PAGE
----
From the Pastor: Still more on gestures and postures at Mass
I left off last week explaining some of the gestures the congregation makes at Mass. Continuing along this line of helpful suggestions (again, very little is actually mandated by the rubrics, but there are traditional customs to follow). I already mentioned following the altar boys’ gestures of making the sign of the cross and beating the breast. You may also follow them when they, using the right thumb and with an open palm, make three small crosses, one each on their forehead, lips and breast before the Gospels are proclaimed. (I mention Gospels in the plural, since there is the one read shortly after the Epistle as well as what is called the Final Gospel at the end of Mass. In addition, in most parishes you may hear the priest read both the Epistle and Gospel a second time in the vernacular language, during which the postures and gestures are the same as when they were first read in Latin.) It is also quite appropriate for the congregation to join the priest and servers with head bows at the Holy Names of Jesus, Mary and the Saint(s) of the day. If there is an Asperges before the Missa Cantata, the people stand and, bowing, make the sign of the cross as they are sprinkled. Another place for standing and bowing is during the incensations. When the thurifer approaches and bows, you bow in return and then sit after you he incenses you.
Our parish’s local tradition is that at the low Mass, nobody in the congregation says a word throughout the entire Mass. Not a peep. Not even an “amen” at communion (there is no “amen” at this point in the high Mass, either). They do not join in the prayers at the foot of the altar before Mass but they do join in the prayers after Mass (Hail Mary, Saint Michael, etc.). Most, but not all, parishes will have such silent low Masses. Some, though, will have what they call a “dialogue” Mass, where the people answer the priest along with the altar boys. That is why you will occasionally hear a visitor blurt out “Ad Deum qui laetificat iuventutem meam” before realizing that nobody else is joining in with them. If they came with a large family, it may take a few responses before they finally figure out that it is only their own voices they hear! Even though they normally will remain silent after that, they may, out of sheer habit, still not be able to hold back an occasional “Et cum spiritu tuo” to my “Dominus vobiscum.”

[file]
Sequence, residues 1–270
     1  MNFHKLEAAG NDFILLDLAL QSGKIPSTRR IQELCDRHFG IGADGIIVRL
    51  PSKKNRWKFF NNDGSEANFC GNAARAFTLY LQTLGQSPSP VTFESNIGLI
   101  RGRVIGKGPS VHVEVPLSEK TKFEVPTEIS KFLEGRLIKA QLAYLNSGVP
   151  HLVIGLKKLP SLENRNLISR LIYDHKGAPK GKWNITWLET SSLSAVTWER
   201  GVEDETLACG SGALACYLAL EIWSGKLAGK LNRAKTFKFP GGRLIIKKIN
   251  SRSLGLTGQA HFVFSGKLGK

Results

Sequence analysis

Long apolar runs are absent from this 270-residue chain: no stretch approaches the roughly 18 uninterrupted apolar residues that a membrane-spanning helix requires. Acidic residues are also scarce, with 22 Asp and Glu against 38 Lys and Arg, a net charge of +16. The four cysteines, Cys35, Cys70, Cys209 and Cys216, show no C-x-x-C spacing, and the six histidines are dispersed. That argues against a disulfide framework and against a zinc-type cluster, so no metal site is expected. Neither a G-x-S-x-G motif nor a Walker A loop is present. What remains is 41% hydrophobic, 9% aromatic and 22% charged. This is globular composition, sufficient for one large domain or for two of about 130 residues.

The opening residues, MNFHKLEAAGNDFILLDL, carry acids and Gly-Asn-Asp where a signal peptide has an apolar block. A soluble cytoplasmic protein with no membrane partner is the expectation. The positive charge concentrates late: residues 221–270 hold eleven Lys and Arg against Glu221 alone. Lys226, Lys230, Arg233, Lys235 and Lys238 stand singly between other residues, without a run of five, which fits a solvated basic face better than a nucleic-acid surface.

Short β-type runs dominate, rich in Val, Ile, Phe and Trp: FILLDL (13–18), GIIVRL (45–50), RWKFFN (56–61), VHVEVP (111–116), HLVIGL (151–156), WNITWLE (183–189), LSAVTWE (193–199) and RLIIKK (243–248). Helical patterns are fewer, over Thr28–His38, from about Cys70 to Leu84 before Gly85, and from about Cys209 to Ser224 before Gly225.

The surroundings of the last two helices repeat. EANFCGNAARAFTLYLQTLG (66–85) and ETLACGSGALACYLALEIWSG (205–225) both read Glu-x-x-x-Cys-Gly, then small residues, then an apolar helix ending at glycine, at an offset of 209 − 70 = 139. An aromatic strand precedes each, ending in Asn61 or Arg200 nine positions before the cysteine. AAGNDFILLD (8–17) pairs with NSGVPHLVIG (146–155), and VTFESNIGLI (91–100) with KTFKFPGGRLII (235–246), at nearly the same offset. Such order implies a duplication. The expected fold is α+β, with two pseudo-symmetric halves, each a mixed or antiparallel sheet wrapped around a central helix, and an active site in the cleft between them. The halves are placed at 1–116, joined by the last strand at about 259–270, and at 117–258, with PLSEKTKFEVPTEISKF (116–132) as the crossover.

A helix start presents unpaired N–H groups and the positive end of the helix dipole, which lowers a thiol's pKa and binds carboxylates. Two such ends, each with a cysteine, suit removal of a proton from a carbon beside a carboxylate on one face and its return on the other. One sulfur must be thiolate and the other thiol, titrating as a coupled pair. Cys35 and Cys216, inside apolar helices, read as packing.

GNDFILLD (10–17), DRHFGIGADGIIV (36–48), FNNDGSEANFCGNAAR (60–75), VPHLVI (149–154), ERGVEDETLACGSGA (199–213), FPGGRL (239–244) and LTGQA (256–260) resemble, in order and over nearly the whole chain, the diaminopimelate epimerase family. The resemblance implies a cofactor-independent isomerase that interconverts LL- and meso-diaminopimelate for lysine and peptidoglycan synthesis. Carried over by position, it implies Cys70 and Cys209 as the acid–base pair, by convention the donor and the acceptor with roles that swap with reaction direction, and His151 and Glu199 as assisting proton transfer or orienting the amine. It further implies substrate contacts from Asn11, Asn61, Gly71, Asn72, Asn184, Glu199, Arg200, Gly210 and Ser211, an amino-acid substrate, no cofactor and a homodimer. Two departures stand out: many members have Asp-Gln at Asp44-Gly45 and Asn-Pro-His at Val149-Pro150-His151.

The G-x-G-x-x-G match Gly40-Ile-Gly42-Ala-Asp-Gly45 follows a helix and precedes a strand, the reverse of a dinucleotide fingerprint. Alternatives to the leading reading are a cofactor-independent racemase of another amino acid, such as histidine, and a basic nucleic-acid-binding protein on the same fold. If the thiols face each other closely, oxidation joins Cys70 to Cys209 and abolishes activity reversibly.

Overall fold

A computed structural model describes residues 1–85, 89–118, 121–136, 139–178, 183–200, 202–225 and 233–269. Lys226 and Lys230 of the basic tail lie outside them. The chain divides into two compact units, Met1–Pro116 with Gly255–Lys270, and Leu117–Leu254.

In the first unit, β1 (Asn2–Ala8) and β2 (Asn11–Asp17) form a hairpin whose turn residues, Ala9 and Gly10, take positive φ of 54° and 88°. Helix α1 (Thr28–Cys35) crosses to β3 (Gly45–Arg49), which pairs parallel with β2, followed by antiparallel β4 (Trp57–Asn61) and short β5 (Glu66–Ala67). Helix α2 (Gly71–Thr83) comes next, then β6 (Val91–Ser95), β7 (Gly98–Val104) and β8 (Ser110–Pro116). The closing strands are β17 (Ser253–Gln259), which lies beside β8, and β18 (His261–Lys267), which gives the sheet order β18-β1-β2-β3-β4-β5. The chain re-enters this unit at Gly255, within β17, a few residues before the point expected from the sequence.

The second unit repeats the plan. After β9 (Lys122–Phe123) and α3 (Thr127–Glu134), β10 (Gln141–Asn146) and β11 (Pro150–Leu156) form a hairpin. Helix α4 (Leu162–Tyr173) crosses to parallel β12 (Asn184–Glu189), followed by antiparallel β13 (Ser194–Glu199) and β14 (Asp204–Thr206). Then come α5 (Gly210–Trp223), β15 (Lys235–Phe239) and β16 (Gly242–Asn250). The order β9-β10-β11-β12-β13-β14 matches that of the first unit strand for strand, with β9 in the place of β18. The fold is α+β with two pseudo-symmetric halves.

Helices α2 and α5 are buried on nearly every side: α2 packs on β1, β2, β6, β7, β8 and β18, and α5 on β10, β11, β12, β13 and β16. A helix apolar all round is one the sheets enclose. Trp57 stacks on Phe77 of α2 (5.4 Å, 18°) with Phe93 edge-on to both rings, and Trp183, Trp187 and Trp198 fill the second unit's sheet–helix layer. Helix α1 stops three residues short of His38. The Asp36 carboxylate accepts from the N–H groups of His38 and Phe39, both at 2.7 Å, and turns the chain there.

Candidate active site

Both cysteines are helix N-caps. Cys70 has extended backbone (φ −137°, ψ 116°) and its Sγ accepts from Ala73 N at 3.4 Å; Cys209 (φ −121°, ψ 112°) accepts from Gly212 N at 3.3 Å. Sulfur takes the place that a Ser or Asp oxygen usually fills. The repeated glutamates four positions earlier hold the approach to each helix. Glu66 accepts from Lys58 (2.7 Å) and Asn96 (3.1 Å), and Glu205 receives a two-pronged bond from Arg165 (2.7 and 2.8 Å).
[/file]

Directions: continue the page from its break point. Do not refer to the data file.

This is good for you to know because we do the opposite at our sung Masses, where the people are welcome to sing/chant along with the schola if they are capable of doing so. That is not the case everywhere, so you may be the visitor chanting the Kyrie before you realize that the rest of the congregation is silent, and only the schola and you are chanting! Now, before you start singing along with our schola, please note that good manners are essential for congregational singing. Those who sing should show restraint in volume, and not sing over the choir. If you sing, you must be confident enough to literally stand out in a crowd. Last week I mentioned that those who join in the singing/chanting of the Mass remain standing while they sing, even if the priest, servers and their spouse kneel or sit. (Remember what I wrote about genuflecting at the Creed?) For instance, if you are singing the Sanctus along with the choir, you remain standing while you sing, even though your wife and kids may be kneeling. (And, yes, I assumed that the man was the one singing, as traditionally all Catholic choirs were composed of males only, often separated into boys choirs and men's choirs. Guys, it is manly to chant the Mass!) Singers, whether in choir or not, do not normally kneel while singing the Mass. Uniformity? Who said we need complete uniformity?
Less often, there are times when the congregation will kneel and kiss objects. There are two days--Candlemas and Palm Sunday--when the faithful may be invited forth to receive candles and palms, respectively, at the altar rail, where they will kneel as when receiving Holy Communion. When the priest gives them the candle or palm they kiss his hand before receiving the object, then kiss the object, much like the servers do at a high Mass when exchanging sacred objects with the priest. Then they stand and return to their pew in anticipation of the procession. Also, at the mid afternoon service on Good Friday, the people will come forward and reverence the Cross with a genuflection and kiss. If there are other days like this, they escape me at present.
That’s it for this bulletin. More to come next week about the correct posture for receiving Holy Communion.
With prayers for your holiness,
Fr. Edwin Palka